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Welfare, the Family, and Reproductive Behavior: Report of a Meeting responds to changes in benefit levels, which is one of the main policy instruments the states have. The federal government has already changed some provisions of the 1996 act dealing with benefits to immigrants, and the entire act will come up for reauthorization in 2001. The saga of welfare reform neither began nor ended in 1996. This summary begins with a discussion of the historical context leading up to the 1996 welfare reform, including society-wide changes in marriage and nonmarital fertility and changes at both national and state levels in the welfare system itself. We next summarize the lessons from available research on how the welfare system has affected marriage, pregnancy, and abortion. Most of this work has focused on women, especially young women, as decision makers; in the next section we discuss the effects of the welfare system on children and on the fathers. The final section brings together some lessons for future research—how evaluations of state-level waivers and of current policy changes can better contribute to the continuing work of welfare reform. TRENDS IN MARRIAGE AND FERTILITY A retreat from marriage and increases in nonmarital fertility have occurred among all social classes and income levels in the United States—and indeed in most industrial countries—in recent decades. Christine Bachrach pointed out in her presentation that some understanding of these broader national and even international shifts is required in order to assess the role of the welfare system as an influence on the behavior of the poor and near-poor. There has been a steady increase in the proportion of births to unmarried women (now about one-third of all births in the United States). Age-specific fertility rates for unmarried women declined for most age groups from peaks around 1965 until the mid-1970s, when they began to climb again rapidly (see Figure 1). For unmarried women aged 15–19, fertility rates rose steadily from the 1940s until the early 1990s, when they began to level off. Fertility rates rose between 1982 and 1992 for unmarried women in every education category. Bachrach emphasized that much of the increase in the rate of births among unmarried women, especially teens, has resulted merely from the reduction in rates of marriage. As Figure 2 shows, the proportion of unmarried women (who are potentially at risk of having a nonmarital birth) has increased since 1960. Bachrach reports that this increase has been the major cause of the increase in nonmarital childbearing for black women and an important cause of the increase for white women as well. Thus a larger part of the story behind increases in nonmarital childbearing is that women today are less likely to marry when having children, not that they are more likely to have children (see also Lichter, 1995, for a review). The decline in marriage rates has to some extent been accompanied by an increase in the proportion of women and men cohabiting (see Table 1). Nonmarital fertility rates have been strongly affected by the disappearance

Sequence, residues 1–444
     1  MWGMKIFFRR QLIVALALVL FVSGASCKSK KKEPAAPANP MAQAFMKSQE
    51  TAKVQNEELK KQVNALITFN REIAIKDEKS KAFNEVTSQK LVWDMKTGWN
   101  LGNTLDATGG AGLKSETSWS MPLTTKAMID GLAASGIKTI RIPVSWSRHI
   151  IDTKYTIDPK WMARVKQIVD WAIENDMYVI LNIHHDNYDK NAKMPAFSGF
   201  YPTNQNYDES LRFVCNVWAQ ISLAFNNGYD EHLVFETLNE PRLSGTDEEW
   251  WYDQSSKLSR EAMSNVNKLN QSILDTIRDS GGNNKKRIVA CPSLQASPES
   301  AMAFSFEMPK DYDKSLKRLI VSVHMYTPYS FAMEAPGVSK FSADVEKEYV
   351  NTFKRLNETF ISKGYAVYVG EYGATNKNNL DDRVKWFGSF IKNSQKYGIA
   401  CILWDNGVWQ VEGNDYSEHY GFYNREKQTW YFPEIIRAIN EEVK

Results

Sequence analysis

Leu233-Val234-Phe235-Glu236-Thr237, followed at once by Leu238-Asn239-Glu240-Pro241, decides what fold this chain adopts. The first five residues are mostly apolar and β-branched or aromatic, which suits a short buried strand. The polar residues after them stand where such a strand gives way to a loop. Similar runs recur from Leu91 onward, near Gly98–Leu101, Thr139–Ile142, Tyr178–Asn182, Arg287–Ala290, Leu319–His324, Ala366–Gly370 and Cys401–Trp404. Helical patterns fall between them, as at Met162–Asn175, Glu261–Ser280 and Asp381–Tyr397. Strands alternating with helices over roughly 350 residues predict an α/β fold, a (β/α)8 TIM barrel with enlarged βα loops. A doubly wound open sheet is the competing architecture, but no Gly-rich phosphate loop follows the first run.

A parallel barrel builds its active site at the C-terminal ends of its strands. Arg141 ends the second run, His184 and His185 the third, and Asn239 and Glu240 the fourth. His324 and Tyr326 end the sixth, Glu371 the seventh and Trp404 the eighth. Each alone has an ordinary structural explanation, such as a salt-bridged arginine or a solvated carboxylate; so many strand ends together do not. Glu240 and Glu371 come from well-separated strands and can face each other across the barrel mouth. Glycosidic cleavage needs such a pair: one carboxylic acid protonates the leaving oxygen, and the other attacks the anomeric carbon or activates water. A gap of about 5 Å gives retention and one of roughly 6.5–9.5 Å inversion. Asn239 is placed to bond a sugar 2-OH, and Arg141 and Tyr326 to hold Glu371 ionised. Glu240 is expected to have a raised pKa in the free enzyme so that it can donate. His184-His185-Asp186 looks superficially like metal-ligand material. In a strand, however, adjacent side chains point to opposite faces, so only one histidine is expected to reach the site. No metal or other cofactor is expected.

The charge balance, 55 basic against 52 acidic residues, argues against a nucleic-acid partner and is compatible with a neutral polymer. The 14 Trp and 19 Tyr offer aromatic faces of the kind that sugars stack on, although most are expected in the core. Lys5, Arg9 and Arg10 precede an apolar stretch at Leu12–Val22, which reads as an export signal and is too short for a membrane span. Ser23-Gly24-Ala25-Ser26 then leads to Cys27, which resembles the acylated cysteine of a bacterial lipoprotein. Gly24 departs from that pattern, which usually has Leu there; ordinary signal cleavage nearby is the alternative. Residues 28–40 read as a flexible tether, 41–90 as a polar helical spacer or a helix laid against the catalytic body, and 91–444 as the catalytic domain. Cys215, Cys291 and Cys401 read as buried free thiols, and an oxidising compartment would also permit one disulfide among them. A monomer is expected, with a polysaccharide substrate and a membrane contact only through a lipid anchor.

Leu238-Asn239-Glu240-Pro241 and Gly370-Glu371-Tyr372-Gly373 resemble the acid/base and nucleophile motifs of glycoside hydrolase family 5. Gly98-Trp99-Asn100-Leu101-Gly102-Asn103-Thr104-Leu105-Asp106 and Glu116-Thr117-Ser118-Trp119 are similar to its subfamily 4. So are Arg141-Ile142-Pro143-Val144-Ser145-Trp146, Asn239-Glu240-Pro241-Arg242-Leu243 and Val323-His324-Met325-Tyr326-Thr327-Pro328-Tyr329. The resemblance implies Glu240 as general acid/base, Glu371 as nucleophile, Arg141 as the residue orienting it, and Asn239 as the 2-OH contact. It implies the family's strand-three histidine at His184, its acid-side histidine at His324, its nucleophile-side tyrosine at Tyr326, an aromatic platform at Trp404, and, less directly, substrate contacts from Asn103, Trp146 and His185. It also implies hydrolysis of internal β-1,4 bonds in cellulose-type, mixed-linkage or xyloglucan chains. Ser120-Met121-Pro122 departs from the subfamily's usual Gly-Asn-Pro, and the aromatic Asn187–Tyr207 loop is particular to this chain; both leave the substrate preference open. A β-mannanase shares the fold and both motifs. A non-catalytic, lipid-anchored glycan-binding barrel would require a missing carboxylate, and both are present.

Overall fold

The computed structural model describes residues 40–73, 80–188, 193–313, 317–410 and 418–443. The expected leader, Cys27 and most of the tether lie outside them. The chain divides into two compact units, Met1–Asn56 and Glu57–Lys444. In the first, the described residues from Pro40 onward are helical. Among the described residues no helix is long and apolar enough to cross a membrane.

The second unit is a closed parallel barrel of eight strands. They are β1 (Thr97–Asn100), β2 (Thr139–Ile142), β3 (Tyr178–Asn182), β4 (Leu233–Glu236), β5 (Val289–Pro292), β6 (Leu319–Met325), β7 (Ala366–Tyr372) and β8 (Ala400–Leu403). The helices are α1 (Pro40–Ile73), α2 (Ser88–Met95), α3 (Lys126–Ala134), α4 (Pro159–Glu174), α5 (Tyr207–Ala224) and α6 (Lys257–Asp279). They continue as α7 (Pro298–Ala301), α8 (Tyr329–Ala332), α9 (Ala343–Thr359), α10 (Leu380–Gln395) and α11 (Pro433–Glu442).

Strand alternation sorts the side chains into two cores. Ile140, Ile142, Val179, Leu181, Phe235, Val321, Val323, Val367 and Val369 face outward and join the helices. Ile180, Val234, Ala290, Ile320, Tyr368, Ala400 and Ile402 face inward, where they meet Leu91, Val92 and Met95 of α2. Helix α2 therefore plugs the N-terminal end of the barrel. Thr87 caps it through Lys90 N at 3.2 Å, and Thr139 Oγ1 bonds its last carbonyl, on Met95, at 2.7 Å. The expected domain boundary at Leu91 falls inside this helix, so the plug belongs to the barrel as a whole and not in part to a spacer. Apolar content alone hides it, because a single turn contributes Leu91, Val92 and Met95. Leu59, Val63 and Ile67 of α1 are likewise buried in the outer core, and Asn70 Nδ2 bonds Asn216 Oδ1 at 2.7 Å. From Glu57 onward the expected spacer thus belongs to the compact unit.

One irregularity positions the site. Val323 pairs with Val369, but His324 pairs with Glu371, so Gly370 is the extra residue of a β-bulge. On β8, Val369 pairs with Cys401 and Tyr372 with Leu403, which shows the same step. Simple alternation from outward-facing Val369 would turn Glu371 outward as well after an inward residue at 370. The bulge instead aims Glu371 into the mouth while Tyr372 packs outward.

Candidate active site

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Welfare, the Family, and Reproductive Behavior: Report of a Meeting Figure–1 Birth–rates–for–unmarried–women–by–age,–United–States,a–1940–1993. Source:–National–Center–for–Health–Statistics–(1995). Figure–2 Percentage of unmarried women, by age, selected years. Source: National Center for Health Statistics (1995:Table III. 1) and U.S. Bureau of the Census (1996:Table 59).

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Welfare, the Family, and Reproductive Behavior: Report of a Meeting TABLE 1 Percentage of Women and Men Currently Cohabiting, by Age, 1987–1988 and 1992–1994   1987–1988 1992–1994 Women 20–24 10 n.a. 25–29 7 12 30–34 4 7 35–39 2 7 40–44 4 5 Men 20–24 6 n.a. 25–29 7 12 30–34 6 7 35–39 5 7 40–44 4 5 n.a. = not available Source: Larry Bumpass, unpublished analysis of data from the National Survey of Families and Households. of the "shotgun wedding." Although the decline in marriage rates has been an important contributor to the increase in nonmarital birth rates, an increase in childbearing among the unmarried is also a factor. Sexual activity rates and sexual experience in the population have increased, according to Bachrach. Although use of contraception has increased, it has not been sufficient to outweigh increases in sexual activity, leading to an increase in pregnancies. In addition, rather surprisingly, trends in abortion have recently accelerated the increase in nonmarital fertility: the proportion of pregnancies of unmarried women that are terminated by abortion has declined somewhat, from a peak in the late 1970s, when about two-thirds of such pregnancies ended in abortion, until the early 1990s, when just over half of pregnancies ended in abortion. "The rate of nonmarital births would have increased only marginally between the early 1960s and the mid-1980s if unmarried pregnant women who carried to term had continued to marry between conception and birth at the same rate as they had in 1963." —Christine Bachrach, citing Morgan et al. (1995)